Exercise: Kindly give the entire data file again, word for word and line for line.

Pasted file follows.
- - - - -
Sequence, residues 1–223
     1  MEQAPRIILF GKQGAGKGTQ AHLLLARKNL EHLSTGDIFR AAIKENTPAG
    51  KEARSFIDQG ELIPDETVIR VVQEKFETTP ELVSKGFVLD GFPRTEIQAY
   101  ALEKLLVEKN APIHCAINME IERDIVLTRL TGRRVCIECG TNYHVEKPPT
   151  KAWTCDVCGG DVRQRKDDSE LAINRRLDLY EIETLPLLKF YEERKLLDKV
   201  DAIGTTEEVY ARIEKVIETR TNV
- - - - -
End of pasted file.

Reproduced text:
Sequence, residues 1–223
     1  MEQAPRIILF GKQGAGKGTQ AHLLLARKNL EHLSTGDIFR AAIKENTPAG
    51  KEARSFIDQG ELIPDETVIR VVQEKFETTP ELVSKGFVLD GFPRTEIQAY
   101  ALEKLLVEKN APIHCAINME IERDIVLTRL TGRRVCIECG TNYHVEKPPT
   151  KAWTCDVCGG DVRQRKDDSE LAINRRLDLY EIETLPLLKF YEERKLLDKV
   201  DAIGTTEEVY ARIEKVIETR TNV